NUCU_logo_new.pngGov. Moore testifies on his own bill (Housing) to an Assembly committee; coming up five weeks to go till sine die (that's when the legislators go home, finished or not). The latest on Maryland, good (grants for behavioral health work; licensing speedups) and bad (wow, who forgot to put the updated tax assessment notices in the mail?). Plus what other states are doing and what we can learn from that, and the circus that is the US House of Representatives continues to entertain right up to the edge of shutdown. Will they slip?



Moore Says Housing Proposal Will Work ‘Hand-In-Hand’ With Local Jurisdictions Gov. Wes Moore (D) said his housing proposal will give “incentives…not mandates” to local jurisdictions as the administration tries to address Maryland’s ongoing housing shortage. “This is a piece of legislation that is not heavy-handed, it really more works hand-in-hand,” Moore said during his first appearance before a legislative committee this General Assembly session. “We’ve wanted to make sure that every aspect… really showed that we planned on working with local jurisdictions.” Maryland Matters

The General Assembly is About to Enter March facing an April 8 sine die. Many committees are still chewing their way through bills that might not see a floor vote in either chamber till the last frantic days (our legislators pick up a fine sense of the theatrical as their tenure lengthens)

So here are some important upcoming hearings, courtesy of our allies at the Maryland Legislative Coalition. And of course they have their favorites that need help getting through the grinder.


Maryland’s Local Governments Face ‘Hundreds Of Millions’ In Lost Property Tax Revenue Due To Mailing Snafu : Local governments face hundreds of millions in lower property tax collections after a state agency missed a key mailing deadline. The State Department of Assessments and Taxation failed to mail about 107,000 updated property tax assessments before the deadline at the end of last year, according to senior state lawmakers. Left unfixed, county governments might receive a quarter of a billion dollars less in anticipated property tax revenue over a three-year period. Maryland Matters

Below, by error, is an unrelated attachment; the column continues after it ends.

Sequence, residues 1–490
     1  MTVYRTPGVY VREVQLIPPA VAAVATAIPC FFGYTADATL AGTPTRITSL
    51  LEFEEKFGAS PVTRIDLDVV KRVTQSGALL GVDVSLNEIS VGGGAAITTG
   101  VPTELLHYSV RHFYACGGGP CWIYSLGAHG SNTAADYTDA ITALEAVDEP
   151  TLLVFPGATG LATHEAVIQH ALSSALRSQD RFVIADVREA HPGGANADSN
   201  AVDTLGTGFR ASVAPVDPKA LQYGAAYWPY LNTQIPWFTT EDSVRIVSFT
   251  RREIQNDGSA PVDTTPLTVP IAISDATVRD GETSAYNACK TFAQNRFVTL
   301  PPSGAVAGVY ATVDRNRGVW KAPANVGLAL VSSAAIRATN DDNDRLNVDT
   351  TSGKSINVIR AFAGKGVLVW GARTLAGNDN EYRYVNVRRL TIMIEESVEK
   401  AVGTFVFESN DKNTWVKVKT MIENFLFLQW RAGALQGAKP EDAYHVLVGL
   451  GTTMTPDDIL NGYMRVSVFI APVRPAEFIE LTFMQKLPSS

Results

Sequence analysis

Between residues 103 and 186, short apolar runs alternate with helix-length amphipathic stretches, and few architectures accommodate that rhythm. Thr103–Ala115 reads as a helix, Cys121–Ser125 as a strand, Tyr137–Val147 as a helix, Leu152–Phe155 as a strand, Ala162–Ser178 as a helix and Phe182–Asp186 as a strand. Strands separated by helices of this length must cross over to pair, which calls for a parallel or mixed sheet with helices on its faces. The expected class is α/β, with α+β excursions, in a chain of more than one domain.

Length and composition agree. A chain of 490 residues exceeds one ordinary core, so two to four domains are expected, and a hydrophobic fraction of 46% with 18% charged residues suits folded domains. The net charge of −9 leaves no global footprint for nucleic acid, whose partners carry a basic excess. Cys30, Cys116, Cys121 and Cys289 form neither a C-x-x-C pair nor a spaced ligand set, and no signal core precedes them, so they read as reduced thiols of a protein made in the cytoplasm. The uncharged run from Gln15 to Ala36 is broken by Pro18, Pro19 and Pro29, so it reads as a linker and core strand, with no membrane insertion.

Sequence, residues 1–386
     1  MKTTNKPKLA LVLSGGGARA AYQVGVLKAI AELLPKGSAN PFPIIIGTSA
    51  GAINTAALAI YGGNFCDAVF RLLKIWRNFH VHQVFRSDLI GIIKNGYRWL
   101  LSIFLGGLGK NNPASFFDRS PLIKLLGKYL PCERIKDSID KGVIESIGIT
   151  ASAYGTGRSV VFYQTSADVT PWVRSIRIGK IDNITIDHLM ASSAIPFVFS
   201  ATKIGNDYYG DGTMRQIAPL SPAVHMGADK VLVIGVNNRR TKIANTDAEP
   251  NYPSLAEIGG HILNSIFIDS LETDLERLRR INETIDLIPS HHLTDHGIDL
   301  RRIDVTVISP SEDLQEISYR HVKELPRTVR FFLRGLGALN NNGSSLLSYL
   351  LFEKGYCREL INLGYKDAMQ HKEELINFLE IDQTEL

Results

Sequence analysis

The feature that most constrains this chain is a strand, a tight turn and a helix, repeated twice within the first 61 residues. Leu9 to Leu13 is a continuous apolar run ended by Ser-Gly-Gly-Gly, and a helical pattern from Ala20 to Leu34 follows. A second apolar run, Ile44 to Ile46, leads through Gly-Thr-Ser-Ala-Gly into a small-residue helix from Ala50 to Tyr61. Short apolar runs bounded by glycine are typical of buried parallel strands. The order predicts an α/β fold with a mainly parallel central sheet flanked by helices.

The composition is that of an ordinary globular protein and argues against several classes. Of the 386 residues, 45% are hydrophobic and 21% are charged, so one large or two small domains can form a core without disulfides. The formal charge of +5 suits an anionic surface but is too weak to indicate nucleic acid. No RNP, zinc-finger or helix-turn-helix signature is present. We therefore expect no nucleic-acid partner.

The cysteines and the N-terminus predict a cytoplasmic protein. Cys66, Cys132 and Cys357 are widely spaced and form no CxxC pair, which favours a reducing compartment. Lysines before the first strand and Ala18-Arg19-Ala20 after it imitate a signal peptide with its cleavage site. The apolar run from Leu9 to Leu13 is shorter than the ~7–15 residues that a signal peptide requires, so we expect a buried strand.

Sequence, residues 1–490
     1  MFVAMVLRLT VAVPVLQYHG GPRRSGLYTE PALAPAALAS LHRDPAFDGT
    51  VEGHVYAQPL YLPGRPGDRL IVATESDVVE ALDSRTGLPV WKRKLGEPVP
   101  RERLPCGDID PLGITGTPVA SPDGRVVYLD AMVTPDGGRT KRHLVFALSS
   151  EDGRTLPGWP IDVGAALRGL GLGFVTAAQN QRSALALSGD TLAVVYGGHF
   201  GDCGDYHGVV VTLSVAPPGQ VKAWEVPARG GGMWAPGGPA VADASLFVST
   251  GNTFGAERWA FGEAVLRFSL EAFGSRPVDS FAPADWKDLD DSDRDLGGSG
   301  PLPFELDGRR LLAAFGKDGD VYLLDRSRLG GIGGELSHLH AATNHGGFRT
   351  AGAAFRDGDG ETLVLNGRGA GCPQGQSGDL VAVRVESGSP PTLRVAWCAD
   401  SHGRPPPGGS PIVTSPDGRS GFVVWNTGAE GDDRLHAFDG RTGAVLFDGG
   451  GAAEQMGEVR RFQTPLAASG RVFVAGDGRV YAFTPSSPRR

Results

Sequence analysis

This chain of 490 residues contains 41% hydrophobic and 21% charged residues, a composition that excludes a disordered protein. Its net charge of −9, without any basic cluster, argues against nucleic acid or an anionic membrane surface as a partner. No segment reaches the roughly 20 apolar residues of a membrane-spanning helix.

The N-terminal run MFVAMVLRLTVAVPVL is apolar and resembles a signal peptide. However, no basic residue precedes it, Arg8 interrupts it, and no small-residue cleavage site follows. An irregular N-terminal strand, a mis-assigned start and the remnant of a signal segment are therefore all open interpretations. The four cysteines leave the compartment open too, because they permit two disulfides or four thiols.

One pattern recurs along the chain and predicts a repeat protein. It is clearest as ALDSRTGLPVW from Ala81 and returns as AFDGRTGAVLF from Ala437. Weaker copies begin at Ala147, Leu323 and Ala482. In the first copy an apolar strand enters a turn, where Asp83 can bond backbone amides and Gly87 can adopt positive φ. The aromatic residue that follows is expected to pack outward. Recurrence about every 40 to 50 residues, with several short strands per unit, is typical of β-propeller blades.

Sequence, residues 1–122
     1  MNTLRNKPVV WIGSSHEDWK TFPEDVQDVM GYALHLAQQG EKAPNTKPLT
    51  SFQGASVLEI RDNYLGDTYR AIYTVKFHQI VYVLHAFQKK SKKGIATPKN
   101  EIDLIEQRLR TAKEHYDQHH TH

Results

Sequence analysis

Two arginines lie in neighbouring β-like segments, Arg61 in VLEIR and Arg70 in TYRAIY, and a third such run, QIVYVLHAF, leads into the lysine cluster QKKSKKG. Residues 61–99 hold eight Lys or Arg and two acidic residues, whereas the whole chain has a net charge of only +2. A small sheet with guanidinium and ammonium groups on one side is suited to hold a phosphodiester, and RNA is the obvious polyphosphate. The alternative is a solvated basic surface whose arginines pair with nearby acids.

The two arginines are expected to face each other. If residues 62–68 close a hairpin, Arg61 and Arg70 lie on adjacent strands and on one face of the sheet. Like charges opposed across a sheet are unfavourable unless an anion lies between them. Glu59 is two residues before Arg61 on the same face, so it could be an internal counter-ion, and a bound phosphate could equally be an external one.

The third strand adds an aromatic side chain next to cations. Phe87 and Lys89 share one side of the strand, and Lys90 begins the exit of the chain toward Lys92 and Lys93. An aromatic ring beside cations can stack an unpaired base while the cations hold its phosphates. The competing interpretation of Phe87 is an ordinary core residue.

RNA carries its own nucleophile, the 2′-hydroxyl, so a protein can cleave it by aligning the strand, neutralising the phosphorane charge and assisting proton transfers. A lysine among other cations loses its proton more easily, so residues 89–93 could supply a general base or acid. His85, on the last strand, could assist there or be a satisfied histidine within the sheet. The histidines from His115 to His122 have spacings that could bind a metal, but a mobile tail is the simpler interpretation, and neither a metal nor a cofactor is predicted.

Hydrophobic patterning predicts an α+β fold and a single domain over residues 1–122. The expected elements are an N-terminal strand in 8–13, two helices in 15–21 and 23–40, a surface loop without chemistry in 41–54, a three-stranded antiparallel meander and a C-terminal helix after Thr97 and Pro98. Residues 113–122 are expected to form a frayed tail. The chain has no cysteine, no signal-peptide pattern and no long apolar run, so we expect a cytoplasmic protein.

Speeding Up Licensing Process In State Government: Whether it’s a hunting license, an elevator inspection certificate or a storm water permit necessary for a business, Maryland departments play a role in the processes of obtaining them. The state’s governor and legislators are trying to make those all run a little easier for residents. The Hagerstown Herald Mail, via Maryland Reporter.


State To Hand Out $111M In Behavioral Health Care Grants About $111 million will begin rolling out this year to provide a variety of health care services for families and their children as part of the Blueprint for Maryland’s Future education reform plan. Some 129 grants submitted to the Maryland Community Health Resources Commission, which serves as a fiscal agent for the consortium, which was established by the General Assembly in 2021 as part of the Blueprint plan. The consortium is responsible for developing a statewide framework to expand access for behavioral health services for Maryland students. The $111 million comes from the Blueprint for Maryland’s Future fund. Maryland Matters


Uh-oh. Larry Hogan’s trying to get back on our radar. Here’s a response:  Hogan's Vetoes Speak Volumes: During his eight years as governor, Gov. Larry Hogan left an official record of where he stands on critical issues — his vetoes of state legislation perhaps serving as the clearest expression of his policy positions, as he seeks to move to a legislative position as a U.S. senator. Commentary from Maryland Matters